Written by: Ed Howson
Published: 21 Oct 2016 - 12:30 AM


If you haven't heard of Graves, then you definitely should.


As I sat in the courtyard, I could hear people talking about the Disturbed concert the night before. El Paso, Texas, might be a remote border town, but it surprisingly pulls some big acts; with Slipknot playing a week before I had arrived. Listening to them talk about Disturbed cemented in my mind that people who listen to K-Mart metal are about as dark and mysterious as fairy-floss. A notification brought my attention to my phone – ‘Monsters’ was available on iTunes.

I first heard of Graves a little over a month ago, when mates of mine had seen them opening for Suicide Silence in Brisbane. I, however, had missed them, and if you want to find out why, read the article. The first exposure to the band was the ‘Fear’ music video when it appeared on the Ozgigs page. If you’ve read some of my previous articles, you’d know that music videos are my forte, and that acted out narratives are not favoured. As always, before I shoot my mouth, I’ll give you the disclaimer: This is my opinion, and opinions are like orgasms… Mine is the most important, and I don’t give a fuck if you have one.

Narrative music videos would have to be the most overdone format of all time. By all means, it works if the story has a prominent storyline (such as the Legend of Borry Parts 1&2 by Dead Kelly), however falls by the wayside when the story is unclear, or the video itself is used to explain the context of the song. It has become a trend in the last decade, primarily brought on by digital cameras, that every Tom, Dick and Harry knows how to shoot a good frame that is aesthetically pleasing, but lacks subconscious thought. As a general rule, if you have to read the lyrics, or explain the story to someone, then you’ve missed the mark. Which is how I felt about the ‘Fear’ music video.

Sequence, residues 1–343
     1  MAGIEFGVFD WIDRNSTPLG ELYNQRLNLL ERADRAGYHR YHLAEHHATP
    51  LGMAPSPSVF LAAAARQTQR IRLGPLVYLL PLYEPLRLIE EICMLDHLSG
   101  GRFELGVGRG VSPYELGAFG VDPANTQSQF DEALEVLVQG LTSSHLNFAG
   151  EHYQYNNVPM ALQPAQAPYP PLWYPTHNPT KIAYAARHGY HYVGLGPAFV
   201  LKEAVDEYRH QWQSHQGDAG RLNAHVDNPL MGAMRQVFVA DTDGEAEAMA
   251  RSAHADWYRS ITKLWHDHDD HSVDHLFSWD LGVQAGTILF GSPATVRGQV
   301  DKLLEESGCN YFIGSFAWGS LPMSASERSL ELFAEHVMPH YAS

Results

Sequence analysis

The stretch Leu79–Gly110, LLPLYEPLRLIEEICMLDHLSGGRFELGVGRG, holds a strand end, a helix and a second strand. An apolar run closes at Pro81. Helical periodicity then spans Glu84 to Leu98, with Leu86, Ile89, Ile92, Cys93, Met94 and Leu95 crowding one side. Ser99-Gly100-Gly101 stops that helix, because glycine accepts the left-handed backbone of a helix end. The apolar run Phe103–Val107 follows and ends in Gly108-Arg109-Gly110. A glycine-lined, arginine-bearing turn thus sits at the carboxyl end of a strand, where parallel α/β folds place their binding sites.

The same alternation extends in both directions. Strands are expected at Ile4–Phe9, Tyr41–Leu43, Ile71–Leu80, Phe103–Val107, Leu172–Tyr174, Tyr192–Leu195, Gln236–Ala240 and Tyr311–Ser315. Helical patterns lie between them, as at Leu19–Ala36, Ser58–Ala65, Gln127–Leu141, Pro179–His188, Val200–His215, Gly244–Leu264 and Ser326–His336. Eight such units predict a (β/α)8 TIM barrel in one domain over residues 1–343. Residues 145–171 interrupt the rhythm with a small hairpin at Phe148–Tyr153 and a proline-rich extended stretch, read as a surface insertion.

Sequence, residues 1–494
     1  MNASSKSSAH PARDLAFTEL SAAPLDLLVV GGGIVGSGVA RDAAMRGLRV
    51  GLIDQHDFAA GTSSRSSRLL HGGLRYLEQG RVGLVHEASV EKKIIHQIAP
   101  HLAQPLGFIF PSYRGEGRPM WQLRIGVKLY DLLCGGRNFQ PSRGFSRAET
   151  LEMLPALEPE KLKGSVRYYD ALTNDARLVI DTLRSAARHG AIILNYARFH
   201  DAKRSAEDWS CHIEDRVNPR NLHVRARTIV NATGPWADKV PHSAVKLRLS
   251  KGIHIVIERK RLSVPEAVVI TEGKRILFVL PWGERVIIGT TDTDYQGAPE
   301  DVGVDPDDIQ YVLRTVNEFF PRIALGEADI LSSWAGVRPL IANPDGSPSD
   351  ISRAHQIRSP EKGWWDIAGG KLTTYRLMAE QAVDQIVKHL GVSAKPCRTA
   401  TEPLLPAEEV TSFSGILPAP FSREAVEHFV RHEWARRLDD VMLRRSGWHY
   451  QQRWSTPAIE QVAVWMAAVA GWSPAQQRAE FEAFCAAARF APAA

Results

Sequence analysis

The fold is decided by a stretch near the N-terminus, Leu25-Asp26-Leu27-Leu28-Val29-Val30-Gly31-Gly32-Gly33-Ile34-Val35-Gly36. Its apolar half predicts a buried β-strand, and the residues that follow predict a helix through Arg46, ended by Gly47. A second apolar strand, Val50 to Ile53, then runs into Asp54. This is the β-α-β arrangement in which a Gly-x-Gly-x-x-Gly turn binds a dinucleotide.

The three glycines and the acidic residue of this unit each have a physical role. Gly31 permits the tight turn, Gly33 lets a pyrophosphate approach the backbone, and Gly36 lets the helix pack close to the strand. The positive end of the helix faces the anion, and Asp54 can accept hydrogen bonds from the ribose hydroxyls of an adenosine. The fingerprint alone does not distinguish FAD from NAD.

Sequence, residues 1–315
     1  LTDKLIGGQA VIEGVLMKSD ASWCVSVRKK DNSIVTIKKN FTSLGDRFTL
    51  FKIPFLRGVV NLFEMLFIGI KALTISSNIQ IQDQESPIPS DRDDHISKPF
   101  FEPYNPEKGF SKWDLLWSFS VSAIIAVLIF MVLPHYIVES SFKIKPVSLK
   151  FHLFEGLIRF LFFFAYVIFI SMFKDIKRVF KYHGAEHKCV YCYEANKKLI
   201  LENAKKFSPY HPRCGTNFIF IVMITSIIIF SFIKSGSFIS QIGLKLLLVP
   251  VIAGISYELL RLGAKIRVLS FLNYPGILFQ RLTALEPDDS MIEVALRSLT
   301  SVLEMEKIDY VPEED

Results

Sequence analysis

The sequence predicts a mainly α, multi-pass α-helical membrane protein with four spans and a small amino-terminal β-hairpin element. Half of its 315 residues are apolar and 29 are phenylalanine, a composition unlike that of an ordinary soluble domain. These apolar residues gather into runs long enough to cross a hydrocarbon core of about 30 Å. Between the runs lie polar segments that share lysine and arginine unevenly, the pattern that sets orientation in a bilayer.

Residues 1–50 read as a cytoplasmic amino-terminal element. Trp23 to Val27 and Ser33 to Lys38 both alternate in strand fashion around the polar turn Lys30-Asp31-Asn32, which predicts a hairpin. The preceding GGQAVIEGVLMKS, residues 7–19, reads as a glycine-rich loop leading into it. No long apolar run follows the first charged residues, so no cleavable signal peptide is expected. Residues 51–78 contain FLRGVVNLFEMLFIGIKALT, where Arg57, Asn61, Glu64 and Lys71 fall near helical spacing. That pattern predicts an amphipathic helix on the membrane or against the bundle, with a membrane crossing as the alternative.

Tip of the day: If you’re adding a narrative to a music video, get a third party to watch it muted. If they understand it, you’ve nailed it.

Having gone on that tirade, I should point out that the music coming from this band is nothing short of spectacular. It’s energetic, emotional, eccentric and enormously heavy. I put my headphones in, looking over at the crowd from the Disturbed concert, and thought to myself, “You don’t even have a fucking clue of what you’re missing out on. You can stick you’re ‘ah-wa-a-a-ah’ up your arse.”

Graves, the little band from Wollongong, belts out a sound that is completely different to what I have heard coming out of the scene, with low grinding bass lines, menacing guitars, punchy drums, complemented by a vocal range that goes from emotional screeching to brutal lows. I would say that if you are a fan of Thy Art Is Murder, Suicide Silence, Chelsea Grin or Whitechapel, you’re going to love this band. Be careful though, once you press play you won’t be able to stop, and you may end up late for work, or leaving the kids at day-care. Top recommended songs: 506, Fear, Decay, Kyden, Monster and Alone.   

Do yourself a favour and grab yourself a copy from iTunes or JB Hi-Fi, or go and see them on their Australian tour in December. I’ll be the proverbial Old El Paso girl here: Fucking do both.